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Multiple Sclerosis (MS) Care Pathway

The Saskatchewan MS Care Pathway serves to clarify medical consensus, support best practice care, and measure care against best practice standards for all providers involved in care of patients with MS.

Introduction and MS Glossary

Terminology used in the MS Care Pathway reflects the MS Phenotype Group’s 2013 descriptions of the clinical spectrum of MS, as follows:

Defining the Clinical Course of Multiple Sclerosis - NCBI - NIH see here

  • Clinically isolated syndrome (CIS): early clinical presentation characteristic of inflammatory demyelination that could be MS, but has yet to fulfill criteria of dissemination in time. CIS coupled with brain lesions carries a high risk for eventual MS diagnosis.

  • Relapsing Remitting MS (RRMS): phenotype characterized by clearly defined, acute attacks with full or partial recovery (remissions) and no disease progression between attacks.

  • Primary Progressive MS (PPMS): phenotype characterized by steady progression of disease from the beginning with no remission

  • Secondary Progressive MS (SPMS): phenotype that initially is relapsing-remitting and becomes progressive

  • Disease activity: inflammatory or neurodegenerative processes as detected by clinical relapse or imaging

  • Progression: ongoing neurodegeneration independent of relapse in patients with progressive disease phenotypes (PPMS and SPMS)

  • Worsening: persistent accumulation of disability

  • EDSS: Expanded disability status scale

Continuum of Care Suspicion of MS

While diagnosis of MS is made by a neurologist, most patients consult with their primary care physician at the time when the first clinical manifestations of MS emerge. Neurologists suggest that primary care providers maintain a high index of suspicion of MS, especially in the presence of:

• Characteristic presentation of relapsing–remitting MS -- a gradual increase in symptom number and intensity over several days, followed by a stable period with partial or full resolution.

Referral to consultant neurologist

• Within 10 days

•Neurological manifestations such as optic neuritis, transverse myelitis, signs of brainstem inflammation (vertigo, double vision, dysarthria, ataxia) that precede or accompany physical symptoms.

Consultant neurologist orders diagnostic work-up MRI brain & CT spine

•Within 30 days

Diagnosis of MS

Diagnosis of MS is made by a neurologist according to 2017 MacDonald Criteria. . 2017 revisions reflect current evidence linking early diagnosis and treatment with better long term patient outcomes. The key requirement for a diagnosis of MS is evidence of damage to the central nervous system that is disseminated in time (DIT) and space (DIS). In the past the DIT requirement led to patients waiting for a second relapse or lesion before a diagnosis could be confirmed. Under the new criteria, a diagnosis can be made using clinical symptoms, broader sources of MRI evidence, and the presence of oligoclonal bands in the spinal fluid that show disease activity in the past. For full publication of the 2017 MacDonald Criteria, see here.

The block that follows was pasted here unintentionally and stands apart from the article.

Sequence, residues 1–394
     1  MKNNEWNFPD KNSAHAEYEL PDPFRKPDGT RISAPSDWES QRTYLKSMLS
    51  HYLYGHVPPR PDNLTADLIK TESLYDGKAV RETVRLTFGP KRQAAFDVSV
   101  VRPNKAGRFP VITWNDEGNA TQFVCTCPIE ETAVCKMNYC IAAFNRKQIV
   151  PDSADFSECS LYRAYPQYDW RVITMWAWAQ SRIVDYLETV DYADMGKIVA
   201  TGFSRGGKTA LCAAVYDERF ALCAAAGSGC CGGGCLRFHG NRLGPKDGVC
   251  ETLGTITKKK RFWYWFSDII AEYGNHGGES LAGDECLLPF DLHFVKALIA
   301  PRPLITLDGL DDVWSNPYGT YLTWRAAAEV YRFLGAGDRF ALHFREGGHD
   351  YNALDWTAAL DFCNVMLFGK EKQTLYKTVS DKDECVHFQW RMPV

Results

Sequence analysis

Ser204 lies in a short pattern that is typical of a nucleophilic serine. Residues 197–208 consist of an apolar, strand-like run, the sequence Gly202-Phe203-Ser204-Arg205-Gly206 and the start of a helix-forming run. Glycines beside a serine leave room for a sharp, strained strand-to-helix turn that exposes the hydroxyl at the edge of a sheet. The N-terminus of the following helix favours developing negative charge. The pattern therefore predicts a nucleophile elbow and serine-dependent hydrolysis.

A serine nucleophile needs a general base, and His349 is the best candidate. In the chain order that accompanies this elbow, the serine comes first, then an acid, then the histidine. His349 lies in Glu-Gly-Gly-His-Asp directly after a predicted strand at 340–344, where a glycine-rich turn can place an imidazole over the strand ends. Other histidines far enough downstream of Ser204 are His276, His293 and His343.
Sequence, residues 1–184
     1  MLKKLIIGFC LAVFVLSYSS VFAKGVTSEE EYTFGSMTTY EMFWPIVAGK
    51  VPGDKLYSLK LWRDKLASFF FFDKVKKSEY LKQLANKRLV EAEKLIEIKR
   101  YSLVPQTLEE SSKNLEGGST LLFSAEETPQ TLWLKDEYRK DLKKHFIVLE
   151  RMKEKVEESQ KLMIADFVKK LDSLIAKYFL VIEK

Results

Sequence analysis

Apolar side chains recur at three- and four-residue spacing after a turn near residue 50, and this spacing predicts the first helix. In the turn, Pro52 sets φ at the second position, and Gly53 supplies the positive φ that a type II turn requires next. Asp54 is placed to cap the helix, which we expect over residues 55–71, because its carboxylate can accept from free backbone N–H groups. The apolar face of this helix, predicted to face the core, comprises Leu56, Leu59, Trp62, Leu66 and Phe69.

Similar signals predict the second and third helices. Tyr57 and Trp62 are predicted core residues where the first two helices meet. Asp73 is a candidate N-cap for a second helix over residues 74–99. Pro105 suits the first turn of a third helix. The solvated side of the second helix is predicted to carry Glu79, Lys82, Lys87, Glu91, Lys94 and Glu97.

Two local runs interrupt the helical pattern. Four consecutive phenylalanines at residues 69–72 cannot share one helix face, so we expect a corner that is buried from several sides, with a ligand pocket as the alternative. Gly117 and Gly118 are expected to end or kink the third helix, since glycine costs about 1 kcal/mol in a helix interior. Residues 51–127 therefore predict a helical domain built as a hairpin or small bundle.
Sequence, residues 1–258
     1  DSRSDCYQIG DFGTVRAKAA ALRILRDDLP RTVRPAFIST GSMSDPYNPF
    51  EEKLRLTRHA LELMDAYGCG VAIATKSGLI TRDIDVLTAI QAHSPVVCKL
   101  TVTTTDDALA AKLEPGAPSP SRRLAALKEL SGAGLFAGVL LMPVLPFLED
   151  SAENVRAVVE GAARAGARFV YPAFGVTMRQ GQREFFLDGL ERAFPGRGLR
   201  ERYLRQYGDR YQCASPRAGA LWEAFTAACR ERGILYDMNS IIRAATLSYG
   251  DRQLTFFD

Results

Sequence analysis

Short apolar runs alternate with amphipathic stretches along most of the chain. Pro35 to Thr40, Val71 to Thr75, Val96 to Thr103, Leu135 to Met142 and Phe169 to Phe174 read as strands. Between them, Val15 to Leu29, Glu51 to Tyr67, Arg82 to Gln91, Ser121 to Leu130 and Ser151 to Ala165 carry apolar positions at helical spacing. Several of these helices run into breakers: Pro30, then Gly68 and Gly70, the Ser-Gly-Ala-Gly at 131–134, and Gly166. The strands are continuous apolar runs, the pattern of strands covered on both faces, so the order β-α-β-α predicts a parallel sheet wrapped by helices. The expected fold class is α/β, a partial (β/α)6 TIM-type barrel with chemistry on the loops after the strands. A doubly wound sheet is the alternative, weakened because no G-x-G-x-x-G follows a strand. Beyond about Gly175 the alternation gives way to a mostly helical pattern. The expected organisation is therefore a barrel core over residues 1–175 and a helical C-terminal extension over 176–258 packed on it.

2018 MRI Protocol and Clinical Guidelines for MS, see here.


Diagnosis of multiple sclerosis: 2017 revisions of the McDonald criteria    see here.

Recommendations for ancillary testing? When MS diagnosis is not confirmed but is still suspected, a neurologist will follow the patient with imaging at regular intervals for five years or until a diagnosis is confirmed.

Coordination of Care for MS Patients

Through a lifetime of symptom management and worsening disability, an MS patient can expect to see multiple care providers, try multiple prescriptions and supports, and go through multiple transitions in care. Best practice for MS care encompasses a broad multidisciplinary approach. In this environment, best practice guidelines recommend that people with MS should be offered a single point of care to help with coordination and access.

The MS Care Pathway recommends that everyone diagnosed with MS in Saskatchewan is offered the opportunity to attend the Saskatoon MS Clinic as soon as possible after diagnosis. MS specialized neurologists at the MS clinic offer....

The neurologist, family doctor and MS nurse educator are encouraged to work closely on navigating patients to multidisciplinary resources for rehabilitation and symptom management.

Other tools for coordination of care?

Initial appointment consultant neurologist

• Immediately upon diagnosis


Follow-up appointment

• Within 6 weeks
• Consultant neurologist or Saskatoon MS Clinic


Baseline data collection

• Consultant neurologist
• MS surveillance system


Multiple Sclerosis Advisory Panel Recommendations - Publications

For more info, see here.

In this setting it is very important for all care providers to collect and share patient information through the MS Registry, which can inform decisions about MS care on both individual and population levels. Patients should also have comprehensive education about when and how to interact with their care team. Dialogue about changes in health status must be proactive and ongoing.

MS Treatment (Disease-modifying therapy - DMT)